2:58pm Friday 9th May 2014
MANY questions are yet to be answered in the Scottish independence debate, but perhaps the one that concerns me most is how a “yes” vote in the referendum will impact on business, particularly our firms in the North East.
It is a question I am frequently asked by journalists and while I appreciate that an economically vibrant Scotland is good for our region, the question about how independence will affect the regional economy remains unresolved.
At the moment there is a lack of clarity and reassurance that whatever the outcome the transition will be managed in a way that makes continuity of trade as easy as possible.
In the last week, the NECC and British Chambers of Commerce published survey results that have demonstrated the Scottish debate is already having an impact on North East firms.
The snap poll of our members revealed that 12 per cent of companies across the North-East are putting off investment ahead of the Scottish independence referendum.
With just over four months to go until the Scottish people head to the polls, we felt it was important to gauge business opinion surrounding the Scottish independence vote.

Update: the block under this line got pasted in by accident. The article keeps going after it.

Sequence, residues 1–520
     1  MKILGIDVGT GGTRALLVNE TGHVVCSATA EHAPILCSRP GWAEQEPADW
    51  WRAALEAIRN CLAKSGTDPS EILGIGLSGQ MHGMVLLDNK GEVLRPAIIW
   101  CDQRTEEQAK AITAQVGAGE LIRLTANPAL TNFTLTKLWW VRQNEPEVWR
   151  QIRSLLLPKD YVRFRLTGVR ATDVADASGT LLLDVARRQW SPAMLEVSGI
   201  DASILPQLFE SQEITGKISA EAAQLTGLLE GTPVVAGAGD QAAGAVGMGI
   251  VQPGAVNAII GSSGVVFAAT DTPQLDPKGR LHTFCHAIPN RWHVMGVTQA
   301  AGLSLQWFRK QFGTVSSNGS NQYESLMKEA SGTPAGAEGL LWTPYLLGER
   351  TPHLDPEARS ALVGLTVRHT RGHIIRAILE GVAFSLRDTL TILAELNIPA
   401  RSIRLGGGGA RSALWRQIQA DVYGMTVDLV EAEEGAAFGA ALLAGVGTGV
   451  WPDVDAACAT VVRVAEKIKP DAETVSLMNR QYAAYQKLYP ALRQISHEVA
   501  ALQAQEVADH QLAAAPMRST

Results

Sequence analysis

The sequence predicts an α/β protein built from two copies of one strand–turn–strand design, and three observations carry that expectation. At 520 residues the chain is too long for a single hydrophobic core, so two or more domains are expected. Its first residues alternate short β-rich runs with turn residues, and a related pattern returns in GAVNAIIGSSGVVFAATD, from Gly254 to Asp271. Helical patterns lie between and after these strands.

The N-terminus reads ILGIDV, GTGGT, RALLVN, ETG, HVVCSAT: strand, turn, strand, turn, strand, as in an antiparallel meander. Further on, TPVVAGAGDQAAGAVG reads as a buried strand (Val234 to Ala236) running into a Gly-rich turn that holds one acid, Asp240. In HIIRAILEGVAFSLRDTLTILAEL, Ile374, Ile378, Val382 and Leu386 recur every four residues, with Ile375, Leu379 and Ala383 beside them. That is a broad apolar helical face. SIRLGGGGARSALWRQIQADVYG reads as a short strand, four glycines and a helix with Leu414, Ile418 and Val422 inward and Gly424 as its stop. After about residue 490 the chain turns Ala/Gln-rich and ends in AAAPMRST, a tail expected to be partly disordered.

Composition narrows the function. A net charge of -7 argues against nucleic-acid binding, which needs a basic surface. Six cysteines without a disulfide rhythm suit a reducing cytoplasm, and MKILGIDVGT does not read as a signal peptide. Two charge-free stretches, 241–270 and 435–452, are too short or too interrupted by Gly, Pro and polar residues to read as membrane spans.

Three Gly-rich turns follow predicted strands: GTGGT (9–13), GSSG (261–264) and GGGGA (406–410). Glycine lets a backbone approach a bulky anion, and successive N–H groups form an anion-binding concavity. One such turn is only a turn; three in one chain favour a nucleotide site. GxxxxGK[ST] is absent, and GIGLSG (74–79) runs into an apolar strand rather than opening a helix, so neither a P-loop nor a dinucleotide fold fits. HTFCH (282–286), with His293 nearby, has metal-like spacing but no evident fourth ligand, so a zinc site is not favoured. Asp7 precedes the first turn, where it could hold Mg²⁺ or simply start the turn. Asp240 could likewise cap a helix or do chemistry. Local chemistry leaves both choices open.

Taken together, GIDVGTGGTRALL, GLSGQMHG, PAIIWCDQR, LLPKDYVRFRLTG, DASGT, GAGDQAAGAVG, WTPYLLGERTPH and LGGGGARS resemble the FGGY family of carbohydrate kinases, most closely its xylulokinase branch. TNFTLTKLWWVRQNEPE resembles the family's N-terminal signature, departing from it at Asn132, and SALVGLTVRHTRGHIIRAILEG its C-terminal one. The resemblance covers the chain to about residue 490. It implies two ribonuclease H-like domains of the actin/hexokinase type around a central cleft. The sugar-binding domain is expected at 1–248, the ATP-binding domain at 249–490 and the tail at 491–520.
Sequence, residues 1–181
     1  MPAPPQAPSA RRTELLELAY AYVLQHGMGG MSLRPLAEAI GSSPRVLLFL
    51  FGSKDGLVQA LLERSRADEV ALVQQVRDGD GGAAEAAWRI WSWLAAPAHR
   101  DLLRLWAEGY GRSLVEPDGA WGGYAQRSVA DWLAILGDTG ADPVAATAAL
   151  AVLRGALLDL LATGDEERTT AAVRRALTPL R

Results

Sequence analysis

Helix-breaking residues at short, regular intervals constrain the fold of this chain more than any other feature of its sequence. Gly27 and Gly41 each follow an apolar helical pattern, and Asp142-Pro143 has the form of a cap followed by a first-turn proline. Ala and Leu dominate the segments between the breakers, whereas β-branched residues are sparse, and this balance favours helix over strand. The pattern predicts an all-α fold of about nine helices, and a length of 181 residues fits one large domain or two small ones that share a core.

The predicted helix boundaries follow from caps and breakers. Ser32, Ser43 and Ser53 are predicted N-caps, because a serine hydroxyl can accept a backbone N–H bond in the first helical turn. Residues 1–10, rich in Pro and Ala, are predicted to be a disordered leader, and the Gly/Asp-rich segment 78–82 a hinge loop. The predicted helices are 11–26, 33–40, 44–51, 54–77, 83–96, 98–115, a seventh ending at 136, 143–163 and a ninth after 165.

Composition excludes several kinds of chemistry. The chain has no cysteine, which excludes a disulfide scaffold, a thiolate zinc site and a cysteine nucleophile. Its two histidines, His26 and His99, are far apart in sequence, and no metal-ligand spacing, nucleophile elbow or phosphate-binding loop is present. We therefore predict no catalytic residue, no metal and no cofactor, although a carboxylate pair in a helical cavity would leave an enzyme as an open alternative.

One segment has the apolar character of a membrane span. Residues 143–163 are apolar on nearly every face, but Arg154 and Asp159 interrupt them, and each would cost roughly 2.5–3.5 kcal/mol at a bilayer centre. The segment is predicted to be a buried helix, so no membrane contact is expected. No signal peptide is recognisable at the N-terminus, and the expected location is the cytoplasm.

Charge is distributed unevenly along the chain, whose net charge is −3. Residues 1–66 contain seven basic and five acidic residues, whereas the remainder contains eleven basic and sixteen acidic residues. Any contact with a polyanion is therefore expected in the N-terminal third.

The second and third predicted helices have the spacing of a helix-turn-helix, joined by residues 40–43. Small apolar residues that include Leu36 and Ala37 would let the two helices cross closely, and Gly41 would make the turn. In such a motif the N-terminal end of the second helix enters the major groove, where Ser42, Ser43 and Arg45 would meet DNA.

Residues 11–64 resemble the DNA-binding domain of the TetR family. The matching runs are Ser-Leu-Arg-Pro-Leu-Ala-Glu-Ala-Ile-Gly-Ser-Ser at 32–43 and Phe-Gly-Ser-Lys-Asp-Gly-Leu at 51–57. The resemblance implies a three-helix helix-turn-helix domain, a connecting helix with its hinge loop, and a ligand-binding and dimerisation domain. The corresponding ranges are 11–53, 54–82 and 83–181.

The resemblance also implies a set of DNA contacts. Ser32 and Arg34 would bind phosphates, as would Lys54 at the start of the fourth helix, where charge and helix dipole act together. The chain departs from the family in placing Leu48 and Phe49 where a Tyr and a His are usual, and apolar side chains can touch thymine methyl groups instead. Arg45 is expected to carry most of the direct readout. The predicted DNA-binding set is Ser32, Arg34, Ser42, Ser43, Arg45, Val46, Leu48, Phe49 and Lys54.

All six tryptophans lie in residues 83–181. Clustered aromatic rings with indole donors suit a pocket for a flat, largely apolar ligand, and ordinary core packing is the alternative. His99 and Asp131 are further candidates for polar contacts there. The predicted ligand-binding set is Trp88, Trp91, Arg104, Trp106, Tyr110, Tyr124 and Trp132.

Given that we need our businesses to continue investing to sustain the recovery, which has begun to gather pace in the last two quarters, the uncertainty that the referendum has created needs to be minimised.
Our own Quarterly Economic Surveys have demonstrated that business confidence is high in the North East, with many of our members predicting growth in the coming year, planning investment in their businesses and declaring rises in sales and orders; it is a cause for concern that 12% plan to hold back investment.
As we get closer to decision day, people on both sides of the debate must exercise caution and need to be careful not to heighten concerns through unhelpful hyping of political rhetoric.
Business confidence can be a fragile thing and anything that might knock it at such a crucial stage of the recovery must be avoided at all costs.
There are also historic concerns that an independent Scotland could gain advantage over our region in attracting inward investment with grant subsidies as well as the ability to lower tariffs currently unfairly levied on regional businesses, Air Passenger Duty being one example.
Whatever the outcome of the referendum, and it quite rightly up to the Scottish people to decide their own future, one thing remains certain – things will never be the same again.
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